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Tick capable of making people allergic to meat is on the rise in the U.S.

Courtesy: The CDC/Wikimedia Commons

Courtesy: The CDC/Wikimedia Commons

Cheryl Santa Maria
Digital Reporter

Monday, August 18, 2014, 3:33 PM -

Well, that's one way of becoming a vegetarian.
One bite from a Lone Star tick can make a person severely allergic to meat -- and cases appear to be on the rise in parts of the U.S. 

According to the Associated Press the University of Virginia is currently reporting two to three new cases each week.

The strange allergy was only discovered a few years ago. The tick that causes it was named after Texas, the Lone Star state that's renowned for its bar-b-ques.

The bugs possess a sugar that's found in red meat. One bite from the tick triggers an immune system response in humans and from that point on, the body interprets the sugar as a harmful substance.

That lays the ground work for allergic reactions -- like hives, swelling and itching -- to follow after ingesting red meat.

RELATED: Feeling itchy? Four unusual allergies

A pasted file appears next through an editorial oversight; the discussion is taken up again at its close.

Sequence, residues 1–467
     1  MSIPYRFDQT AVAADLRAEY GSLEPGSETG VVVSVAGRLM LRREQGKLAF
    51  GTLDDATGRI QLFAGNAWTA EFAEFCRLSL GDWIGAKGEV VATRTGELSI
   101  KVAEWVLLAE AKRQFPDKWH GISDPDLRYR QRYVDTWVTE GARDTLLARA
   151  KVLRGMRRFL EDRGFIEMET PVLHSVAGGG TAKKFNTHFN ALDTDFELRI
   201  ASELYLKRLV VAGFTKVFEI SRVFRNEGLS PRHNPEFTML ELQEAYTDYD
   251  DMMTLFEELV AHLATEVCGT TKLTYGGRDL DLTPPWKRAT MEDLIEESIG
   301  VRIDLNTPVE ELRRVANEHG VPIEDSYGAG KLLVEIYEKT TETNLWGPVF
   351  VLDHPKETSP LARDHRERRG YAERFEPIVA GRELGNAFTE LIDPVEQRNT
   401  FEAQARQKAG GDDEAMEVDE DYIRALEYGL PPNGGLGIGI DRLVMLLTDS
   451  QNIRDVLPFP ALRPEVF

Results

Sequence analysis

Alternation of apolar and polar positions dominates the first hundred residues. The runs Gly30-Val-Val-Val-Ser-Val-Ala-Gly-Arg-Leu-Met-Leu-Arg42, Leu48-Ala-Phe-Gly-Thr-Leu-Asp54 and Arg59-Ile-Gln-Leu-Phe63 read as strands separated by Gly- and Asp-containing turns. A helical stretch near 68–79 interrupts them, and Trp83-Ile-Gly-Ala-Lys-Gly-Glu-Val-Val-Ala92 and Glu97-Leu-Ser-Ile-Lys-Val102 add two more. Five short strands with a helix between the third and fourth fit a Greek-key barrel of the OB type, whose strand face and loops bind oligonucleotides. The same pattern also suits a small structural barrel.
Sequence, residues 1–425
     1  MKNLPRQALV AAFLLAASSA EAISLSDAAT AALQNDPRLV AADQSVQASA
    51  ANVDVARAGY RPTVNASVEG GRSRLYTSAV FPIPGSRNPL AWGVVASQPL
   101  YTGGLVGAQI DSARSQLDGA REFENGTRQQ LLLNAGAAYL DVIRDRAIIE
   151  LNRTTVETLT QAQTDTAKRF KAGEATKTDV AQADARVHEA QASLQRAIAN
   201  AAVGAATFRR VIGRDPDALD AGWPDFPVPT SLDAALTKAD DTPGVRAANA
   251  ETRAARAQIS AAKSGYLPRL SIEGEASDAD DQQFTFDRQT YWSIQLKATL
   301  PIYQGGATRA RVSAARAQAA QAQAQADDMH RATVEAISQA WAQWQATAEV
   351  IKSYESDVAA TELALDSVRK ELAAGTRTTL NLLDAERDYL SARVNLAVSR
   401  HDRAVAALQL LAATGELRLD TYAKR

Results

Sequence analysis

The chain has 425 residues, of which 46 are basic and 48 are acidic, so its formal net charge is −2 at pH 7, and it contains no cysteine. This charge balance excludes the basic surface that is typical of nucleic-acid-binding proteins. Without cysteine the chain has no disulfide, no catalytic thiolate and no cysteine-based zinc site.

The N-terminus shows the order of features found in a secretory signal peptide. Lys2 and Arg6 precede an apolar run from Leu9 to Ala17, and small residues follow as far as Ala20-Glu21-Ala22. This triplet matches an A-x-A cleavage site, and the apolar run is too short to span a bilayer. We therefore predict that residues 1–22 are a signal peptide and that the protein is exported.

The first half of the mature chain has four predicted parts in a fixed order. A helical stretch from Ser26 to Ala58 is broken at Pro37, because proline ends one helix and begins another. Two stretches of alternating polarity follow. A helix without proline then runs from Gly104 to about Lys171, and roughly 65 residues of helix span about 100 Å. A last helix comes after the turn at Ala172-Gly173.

There are an estimated 1,500 people in the U.S. that have the allergy -- and according to Popular Science, one area of Long Island, New York has seen an increase of 200 cases since 2011 -- up from "practically zero" in the preceding years.

The allergy can be confirmed through a blood test.

The ticks can be found in southern and eastern portions of the U.S. -- but it's believed that other ticks may cause meat allergies as well, with cases popping up in Australia, Germany, France, Japan, Korea, Spain and Sweden.

Doctors aren't sure if the allergy is permanent although it's believed the effects only last a few months or years, provided the patient isn't bitten again in the interim.

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